A Guide to Taking Photographic Hikes


Tired of capturing the same old landscapes? Hit the mountains for a hike, says Matt Parry


A Guide to Taking Photographic Hikes

All images by Matt Parry


Hiking and photography have been entwined pastimes for many years, whether it’s hikers using a camera to document a walk in the mountains or photographers using hiking as a means of accessing epic views and landscapes.

Changing light and weather mean even well-wandered paths can look very different on different days, and virtually endless vantage points make it easy to capture unique shots wherever you are.


A Guide to Taking Photographic Hikes


The following tips will help you make the most of your hikes.



Before you go


Plan and research your route. From where to park the car to the route you will hike, it pays to be prepared. There are many websites that detail popular walking routes which will give you a good idea on what to expect as well as the difficulty of the hike.

Research potential photo opportunities beforehand, as this will dictate the kit you take. Google Earth is a handy tool for looking at the terrain, but you can’t beat an OS Explorer map, which show landscape features and points of interest.

Check your kit. This includes change for parking as well as fully-charged batteries and empty memory cards. I pack everything the night before and give my lenses and filters a good clean. Make sure you have the right map and your phone is fully charged. Also don’t forget the essentials such as water and food.

Prepare for the weather. Regardless of where you are, the weather on hills and mountains can change in a heartbeat. Temperatures can drop quickly regardless of the season. Check the forecast and ensure you are adequately prepared – the last thing you want to worry about is protecting your camera gear from a downpour.

Limit your gear. Once you have started your hike you are stuck with your bag on your back for many miles to come. While it may seem light during the first mile or two, it could soon start to feel like it’s full of bricks. You will enjoy the hike far more if you have prepared the kit wisely.


A Guide to Taking Photographic Hikes



On the hike


Make it about the hike, not the photos. This may sound odd advice on a photography blog, but the physical challenge of hiking allows you to step back from a traditional landscape photography mindset. Enjoy it!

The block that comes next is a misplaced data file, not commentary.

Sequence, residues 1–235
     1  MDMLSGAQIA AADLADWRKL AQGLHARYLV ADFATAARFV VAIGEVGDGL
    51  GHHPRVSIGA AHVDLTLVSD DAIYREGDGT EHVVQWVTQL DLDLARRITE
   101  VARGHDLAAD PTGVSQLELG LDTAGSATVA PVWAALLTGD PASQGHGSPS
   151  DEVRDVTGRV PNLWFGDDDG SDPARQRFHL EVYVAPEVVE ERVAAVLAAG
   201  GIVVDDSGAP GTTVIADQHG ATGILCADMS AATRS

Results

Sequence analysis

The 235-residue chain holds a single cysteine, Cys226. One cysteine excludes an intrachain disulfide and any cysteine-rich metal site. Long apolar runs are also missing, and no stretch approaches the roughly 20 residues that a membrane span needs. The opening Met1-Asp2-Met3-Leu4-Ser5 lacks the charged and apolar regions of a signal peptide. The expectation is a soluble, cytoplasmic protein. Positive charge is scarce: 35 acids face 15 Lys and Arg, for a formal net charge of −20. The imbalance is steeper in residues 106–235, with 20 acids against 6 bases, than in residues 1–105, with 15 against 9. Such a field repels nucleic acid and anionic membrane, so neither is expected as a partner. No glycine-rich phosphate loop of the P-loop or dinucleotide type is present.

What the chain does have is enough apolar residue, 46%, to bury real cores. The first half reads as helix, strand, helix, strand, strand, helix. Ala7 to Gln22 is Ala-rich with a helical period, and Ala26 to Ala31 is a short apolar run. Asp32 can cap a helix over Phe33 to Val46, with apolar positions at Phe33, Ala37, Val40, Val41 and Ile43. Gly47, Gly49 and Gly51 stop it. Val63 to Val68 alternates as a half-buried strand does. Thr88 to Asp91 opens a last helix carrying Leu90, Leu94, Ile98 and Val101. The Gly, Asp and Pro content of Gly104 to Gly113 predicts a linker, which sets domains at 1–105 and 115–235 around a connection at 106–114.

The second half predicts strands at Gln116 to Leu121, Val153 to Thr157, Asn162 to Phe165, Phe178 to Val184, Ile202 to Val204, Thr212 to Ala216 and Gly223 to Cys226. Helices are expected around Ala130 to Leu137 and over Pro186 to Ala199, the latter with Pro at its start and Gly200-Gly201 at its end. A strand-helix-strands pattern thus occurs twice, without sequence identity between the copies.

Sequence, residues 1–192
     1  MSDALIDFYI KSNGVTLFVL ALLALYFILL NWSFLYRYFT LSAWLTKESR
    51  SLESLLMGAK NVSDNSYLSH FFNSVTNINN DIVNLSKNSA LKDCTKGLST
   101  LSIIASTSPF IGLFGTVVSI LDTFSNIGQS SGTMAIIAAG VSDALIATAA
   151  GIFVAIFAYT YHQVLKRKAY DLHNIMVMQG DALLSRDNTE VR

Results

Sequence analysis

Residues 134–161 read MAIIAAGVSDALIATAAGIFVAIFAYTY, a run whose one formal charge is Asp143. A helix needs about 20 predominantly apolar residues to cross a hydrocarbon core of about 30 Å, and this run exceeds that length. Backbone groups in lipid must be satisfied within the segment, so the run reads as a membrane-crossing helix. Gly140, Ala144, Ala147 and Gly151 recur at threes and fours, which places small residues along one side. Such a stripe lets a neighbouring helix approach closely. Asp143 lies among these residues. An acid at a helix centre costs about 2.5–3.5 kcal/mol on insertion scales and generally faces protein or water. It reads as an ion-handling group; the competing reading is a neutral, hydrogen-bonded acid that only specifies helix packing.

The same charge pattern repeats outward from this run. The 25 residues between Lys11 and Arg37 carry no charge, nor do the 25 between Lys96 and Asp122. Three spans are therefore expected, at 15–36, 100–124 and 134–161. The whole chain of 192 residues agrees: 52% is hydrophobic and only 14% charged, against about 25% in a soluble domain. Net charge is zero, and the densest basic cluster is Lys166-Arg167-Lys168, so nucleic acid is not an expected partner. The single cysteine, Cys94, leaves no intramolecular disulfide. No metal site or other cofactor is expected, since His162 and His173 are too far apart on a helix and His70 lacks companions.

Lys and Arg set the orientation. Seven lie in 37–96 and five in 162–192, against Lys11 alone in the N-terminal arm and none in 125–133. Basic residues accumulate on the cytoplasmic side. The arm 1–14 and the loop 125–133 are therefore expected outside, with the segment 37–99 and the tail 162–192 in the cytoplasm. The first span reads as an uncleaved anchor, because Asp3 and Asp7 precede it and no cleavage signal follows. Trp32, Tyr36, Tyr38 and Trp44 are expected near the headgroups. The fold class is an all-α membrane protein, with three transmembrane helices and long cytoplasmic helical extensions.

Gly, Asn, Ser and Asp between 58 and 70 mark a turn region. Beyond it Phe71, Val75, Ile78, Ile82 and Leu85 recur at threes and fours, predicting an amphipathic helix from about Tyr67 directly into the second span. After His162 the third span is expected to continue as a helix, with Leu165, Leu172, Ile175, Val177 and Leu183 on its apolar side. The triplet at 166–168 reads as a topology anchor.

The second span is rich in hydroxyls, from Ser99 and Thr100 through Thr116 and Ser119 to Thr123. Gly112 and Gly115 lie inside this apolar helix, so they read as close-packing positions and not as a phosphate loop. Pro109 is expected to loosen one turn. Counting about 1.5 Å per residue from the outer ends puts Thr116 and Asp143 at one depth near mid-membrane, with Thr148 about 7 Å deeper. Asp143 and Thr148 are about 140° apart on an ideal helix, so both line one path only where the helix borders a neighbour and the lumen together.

Spontaneous shooting. Depending on the length of your hike, you could be walking for a number of hours. You are not constrained by typical golden-hour landscape photography principles, and should be reactive to what you see around you.

Battery power. Camera batteries run out much quicker in cold temperatures. To help squeeze additional life out of a dying battery, take it out of the camera and keep it close to your body’s heat allowing it to warm up while you use a spare.

Stay safe. It is vitally important to stay safe in the mountains. The temptation to get close to a precipitous edge for a better foreground or to climb those rocks for a selfie may be great, but it’s a fact that people die every year in the mountains, in the UK and elsewhere. When your body is tired you are more prone to accidents, so think carefully before pushing yourself. A shot means nothing if you get seriously hurt in taking it.



What to shoot


A Guide to Taking Photographic Hikes


This will depend on where you are walking. I enjoy capturing images of fellow hikers in my pictures as they add scale and context to the scenery (and sometimes a splash of colour on overcast days). Hiking with a friend can give you motivation and company on tough stretches of path as well as a willing model to participate in your photographs.

Other options include geology, flora and fauna, changing seasons, abstracts, mountain streams, the weather or simply just the views!

Whether documenting the hike or creating personal or commercial photography projects, the options for shooting are only limited by your selection of kit (and on the odd occasion the weather).


What to take


A Guide to Taking Photographic Hikes

Depending on what I’m shooting and how long my walk will be, my typical mountain hiking camera kit will include a selection of the above. The image shows: Mindshift Gear rotation180°, Panorama 22L bag, Canon EOS 5D Mark III, spare batteries and memory cards, Canon RC1 remote shutter release, Canon EF 16-35 f/4L, Canon EF 24-105 f/4L, Canon 3000V SLR & spare film, Mindshift Gear Rain Cover and Tripod Suspension Kit, GoPro Hero 4 Silver with mini tripod, torch, Lee Filters: 3 x ND filters and 3 x ND Grad filters, Lee Landscape Polariser, Lowe Pro filter pouch, MeFOTO Roadtrip Carbon Fibre.


Many enthusiast landscape photographers head out for a typical location shoot with the majority of the gear they own – a bag full of cameras, lenses, filters and a heavy tripod. This de facto kit is ideal in the vast majority of circumstances but hiking is an exception. On long and strenuous hikes the weight of your kit can sap both your enjoyment and energy – pack only what you can comfortably carry for long periods of time.


Camera bag

In many ways your camera bag is the most important photographic accessory you will take hiking. It will be on your back for hours on end, so comfort is paramount, and it needs to protect your gear from the elements while also providing quick access. It also needs to carry more than just a camera and accessories – your food and drink, extra layers, perhaps an OS Explorer map.

Good options for carrying camera gear on long hikes in the mountains have traditionally been limited. This is because hiking backpacks are not designed to have quick and easy access to camera gear while most camera bags are not suited to the rigours or necessary support required for hiking.


A Guide to Taking Photographic Hikes


If your camera sits at the bottom of a typical hiking bag underneath layers of clothing and a packed lunch, you will be less inclined to stop and get it out. Spontaneous shots will be gone. Carrying the camera around your neck is an option but can be uncomfortable for long periods of time and putting it away every time you need to scramble over some tricky rocks or encounter rain can be frustrating.